A large, broadly-conical tree to 30 m or more tall. Lower branches long, sometimes arching almost to the ground, tips drooping. Bark of older trees corky and deeply fissured. Young shoots brown, ridged. Buds shining, pointed, beech-like, red-brown. Leaves dark green, soft, straight, blunt, 3-4 cm long with 2 white bands below, aromatic when crushed; margins often curled under. Female cones scattered through the canopy, c. 7-9 cm long 2.5-3.5 cm wide with many scales; bracts 3-pronged, protruding from the scales, the central prong being longer than the outer two.
In America widely distributed from coastal areas to inland to altitudes of 2500 m but growing best in humid, wet conditions. Commonly cultivated in large public and private gardens, especially in cool districts. Naturalised on the North and South Islands of New Zealand.
Western North America.
After P. radiata, an extremely important world timber tree but it is not grown commercially in Australia as the growth is too slow, requiring high rainfall and humidity, cool winters and mild summers. The high summer temperatures, strong winds and low humidity that are found in Canberra prohibit growth. In Victoria trial plantations may be seen at Creswick, Otways (Aire Valley), Narbethong and elsewhere, although growth is better in Tasmania and New Zealand. While the tree is generally known as Douglas Fir the timber is referred to as Oregon.
Buds large, ovoid-conic, sharp-pointed and beech-like in contrast to the more rounded ones in
; leaves smelling of oranges when crushed and with a minute disk which leaves a smaller oval rather than round scar as in Abies; cones with 3-pronged bracts protruding from the scales.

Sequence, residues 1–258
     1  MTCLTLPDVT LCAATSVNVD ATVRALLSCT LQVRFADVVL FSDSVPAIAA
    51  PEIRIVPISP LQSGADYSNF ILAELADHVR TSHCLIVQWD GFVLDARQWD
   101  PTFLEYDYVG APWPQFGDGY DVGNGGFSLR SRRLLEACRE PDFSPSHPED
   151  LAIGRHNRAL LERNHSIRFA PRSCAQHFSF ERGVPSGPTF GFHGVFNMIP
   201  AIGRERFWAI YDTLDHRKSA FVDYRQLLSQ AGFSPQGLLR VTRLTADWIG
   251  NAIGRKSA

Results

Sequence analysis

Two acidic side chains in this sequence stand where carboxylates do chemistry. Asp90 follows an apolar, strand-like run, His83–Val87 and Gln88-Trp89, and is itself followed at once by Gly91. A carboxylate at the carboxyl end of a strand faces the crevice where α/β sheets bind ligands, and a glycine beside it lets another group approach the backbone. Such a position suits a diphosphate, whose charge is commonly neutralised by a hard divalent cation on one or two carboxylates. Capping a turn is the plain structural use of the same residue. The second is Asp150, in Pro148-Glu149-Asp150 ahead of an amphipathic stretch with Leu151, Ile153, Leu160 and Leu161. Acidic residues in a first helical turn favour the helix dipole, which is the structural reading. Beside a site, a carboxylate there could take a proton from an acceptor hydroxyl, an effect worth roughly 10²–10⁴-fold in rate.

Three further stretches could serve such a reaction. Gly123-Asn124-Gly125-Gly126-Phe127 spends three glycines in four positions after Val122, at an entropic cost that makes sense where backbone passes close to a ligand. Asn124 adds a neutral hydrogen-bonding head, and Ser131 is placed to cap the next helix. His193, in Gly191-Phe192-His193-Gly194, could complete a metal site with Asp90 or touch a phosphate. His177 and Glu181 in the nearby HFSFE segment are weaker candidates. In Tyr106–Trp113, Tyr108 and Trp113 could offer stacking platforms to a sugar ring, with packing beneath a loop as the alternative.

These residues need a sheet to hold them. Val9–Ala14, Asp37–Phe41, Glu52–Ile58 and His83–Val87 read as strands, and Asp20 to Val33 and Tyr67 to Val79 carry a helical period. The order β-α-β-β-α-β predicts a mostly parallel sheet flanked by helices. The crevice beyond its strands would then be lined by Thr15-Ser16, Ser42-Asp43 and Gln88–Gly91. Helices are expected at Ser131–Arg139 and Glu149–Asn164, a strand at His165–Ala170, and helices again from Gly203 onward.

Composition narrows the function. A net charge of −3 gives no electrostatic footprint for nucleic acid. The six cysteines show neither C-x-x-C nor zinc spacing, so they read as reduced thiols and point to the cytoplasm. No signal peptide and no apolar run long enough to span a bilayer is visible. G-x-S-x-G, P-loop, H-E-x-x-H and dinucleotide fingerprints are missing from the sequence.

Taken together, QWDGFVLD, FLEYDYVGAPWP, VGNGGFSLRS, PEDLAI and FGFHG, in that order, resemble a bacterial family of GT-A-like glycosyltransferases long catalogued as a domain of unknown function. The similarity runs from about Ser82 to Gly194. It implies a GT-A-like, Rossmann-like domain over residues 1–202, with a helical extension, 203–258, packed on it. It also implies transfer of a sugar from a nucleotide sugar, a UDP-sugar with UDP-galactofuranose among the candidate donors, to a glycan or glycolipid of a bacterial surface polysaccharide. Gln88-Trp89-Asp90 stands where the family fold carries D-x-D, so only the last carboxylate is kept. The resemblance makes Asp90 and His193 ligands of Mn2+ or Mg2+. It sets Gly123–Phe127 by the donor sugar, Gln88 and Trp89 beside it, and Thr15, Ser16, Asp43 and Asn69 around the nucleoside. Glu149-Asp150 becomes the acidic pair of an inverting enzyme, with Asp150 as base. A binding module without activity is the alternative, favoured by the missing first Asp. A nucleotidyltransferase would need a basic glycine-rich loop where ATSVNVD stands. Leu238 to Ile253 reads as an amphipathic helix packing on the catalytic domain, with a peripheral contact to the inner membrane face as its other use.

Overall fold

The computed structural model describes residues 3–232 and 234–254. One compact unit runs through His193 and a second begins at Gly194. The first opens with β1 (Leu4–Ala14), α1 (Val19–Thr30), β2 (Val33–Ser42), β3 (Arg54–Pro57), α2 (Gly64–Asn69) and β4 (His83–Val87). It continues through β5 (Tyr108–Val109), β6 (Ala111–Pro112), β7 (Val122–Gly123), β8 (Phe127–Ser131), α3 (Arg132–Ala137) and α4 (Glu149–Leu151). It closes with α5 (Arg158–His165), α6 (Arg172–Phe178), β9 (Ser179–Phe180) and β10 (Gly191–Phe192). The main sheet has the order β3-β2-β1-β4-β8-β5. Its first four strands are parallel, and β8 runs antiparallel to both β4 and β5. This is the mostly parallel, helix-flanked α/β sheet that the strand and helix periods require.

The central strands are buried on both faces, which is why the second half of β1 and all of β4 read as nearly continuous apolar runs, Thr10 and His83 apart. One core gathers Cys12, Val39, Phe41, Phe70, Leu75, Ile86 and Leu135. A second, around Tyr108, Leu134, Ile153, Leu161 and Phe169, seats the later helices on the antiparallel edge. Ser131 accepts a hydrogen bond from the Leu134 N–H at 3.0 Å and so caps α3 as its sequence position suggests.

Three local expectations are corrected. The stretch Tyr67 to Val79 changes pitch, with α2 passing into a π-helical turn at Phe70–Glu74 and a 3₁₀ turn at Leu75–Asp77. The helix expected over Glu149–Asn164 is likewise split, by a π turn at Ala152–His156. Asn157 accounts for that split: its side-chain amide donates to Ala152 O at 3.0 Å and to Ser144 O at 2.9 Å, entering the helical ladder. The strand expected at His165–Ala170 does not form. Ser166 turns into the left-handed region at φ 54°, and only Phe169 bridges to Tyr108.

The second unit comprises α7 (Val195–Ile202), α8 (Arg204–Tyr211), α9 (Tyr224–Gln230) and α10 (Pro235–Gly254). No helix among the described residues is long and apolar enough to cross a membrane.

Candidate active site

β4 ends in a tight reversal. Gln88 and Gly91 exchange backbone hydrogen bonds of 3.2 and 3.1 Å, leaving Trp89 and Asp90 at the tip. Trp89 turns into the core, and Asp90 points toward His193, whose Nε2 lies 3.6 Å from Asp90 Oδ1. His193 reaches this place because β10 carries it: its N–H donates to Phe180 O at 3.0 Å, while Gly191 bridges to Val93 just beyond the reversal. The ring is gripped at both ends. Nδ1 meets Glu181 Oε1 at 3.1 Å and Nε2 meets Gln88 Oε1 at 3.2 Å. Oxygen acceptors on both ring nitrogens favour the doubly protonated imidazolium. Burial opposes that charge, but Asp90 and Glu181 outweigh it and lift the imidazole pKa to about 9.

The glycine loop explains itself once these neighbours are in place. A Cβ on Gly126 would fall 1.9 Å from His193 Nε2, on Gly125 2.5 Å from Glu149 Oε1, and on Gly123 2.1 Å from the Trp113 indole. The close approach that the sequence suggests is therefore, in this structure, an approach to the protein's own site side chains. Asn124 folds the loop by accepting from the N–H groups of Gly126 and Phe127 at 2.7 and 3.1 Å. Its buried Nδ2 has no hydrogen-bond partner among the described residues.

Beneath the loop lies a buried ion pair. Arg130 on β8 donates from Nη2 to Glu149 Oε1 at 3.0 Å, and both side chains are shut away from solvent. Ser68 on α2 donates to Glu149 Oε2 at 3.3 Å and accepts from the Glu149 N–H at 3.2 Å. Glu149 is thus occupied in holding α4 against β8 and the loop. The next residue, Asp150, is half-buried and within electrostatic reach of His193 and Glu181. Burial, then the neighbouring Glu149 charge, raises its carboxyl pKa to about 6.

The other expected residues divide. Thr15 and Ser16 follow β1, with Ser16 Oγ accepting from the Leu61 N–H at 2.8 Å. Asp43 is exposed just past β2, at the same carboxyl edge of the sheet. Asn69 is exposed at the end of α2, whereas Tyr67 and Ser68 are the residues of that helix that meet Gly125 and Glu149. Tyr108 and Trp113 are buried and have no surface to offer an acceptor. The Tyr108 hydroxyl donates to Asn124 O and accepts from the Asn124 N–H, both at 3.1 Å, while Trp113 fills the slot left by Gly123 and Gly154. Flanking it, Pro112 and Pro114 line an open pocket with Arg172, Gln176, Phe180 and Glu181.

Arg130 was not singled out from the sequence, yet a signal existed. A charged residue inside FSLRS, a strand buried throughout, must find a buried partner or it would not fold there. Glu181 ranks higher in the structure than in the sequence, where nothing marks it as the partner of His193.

NSW: Batlow (Pilot Hill Arboretum); Mt Tomah (Bot. Gds); Mt Wilson ('Cherry Cottage' c. 40 m; 'Yengo' ptd c. 1887); Orange (Base Hospital, N side of Dalton St); Sydney (Royal Bot. Gds). VIC: Aire Valley (Otways, plantation at Beauchamp Falls by picnic site, also road N of Aire River crossing, signed plantation on side of Binns Rd); Ballarat (Bot. Gds); Belgrave ('Glen Harrow' old Coles Nursery site, 48 m tall in 1990); Black Spur (at top of spur, 2 trees on side of road); Dandenongs ('Pirianda'); Daylesford (Bot. Gds); Erica (several roadside trees); Fernshaw (Reserve several ptd. c. 1939); Healesville (southern end of township &Coranderrk Reserve); Korumburra (Public Park); Maroondah (dam many); Mt Macedon ('Alton' c. 50 m; 'Frencham'); Narbethong ('St Fillans', 43 m tall in 1994); Walhalla (N end of township). TAS: Deloraine (Meander River Reserve; St Marks Anglican Church); Hobart (Queens Domain; St David's Park; Royal Tasmanian Bot. Gds); Lalla (WAG Walker Arboretum); Launceston (Cataract Gorge); Plenty (Salmon Ponds); Westbury (Common).
var. glauca (Mayr) Franco
This is the Blue Douglas Fir, smaller and more compact than the Oregon Douglas Fir. Branches ascending. Leaves shorter, thicker and bluer than in the typical variety, also distributed round the shoot, not parted beneath. Cones smaller, with reflexed bracts. A variety that is found naturally at high elevations in the Rocky Mountains.
VIC: Dandenongs (Hamer Arboretum ptd 1974); Emerald (many large trees, one lakeside others on slopes); Lancefield (Recreation Reserve); Maroondah (dam); Mt Macedon ('Alton'; 'Frencham'); Yackandandah (3 street trees).
Source: (1995). Pinaceae. In: . Horticultural Flora of South-eastern Australia. Volume 1, Ferns, conifers & their allies. The identification of garden and cultivated plants. University of New South Wales Press.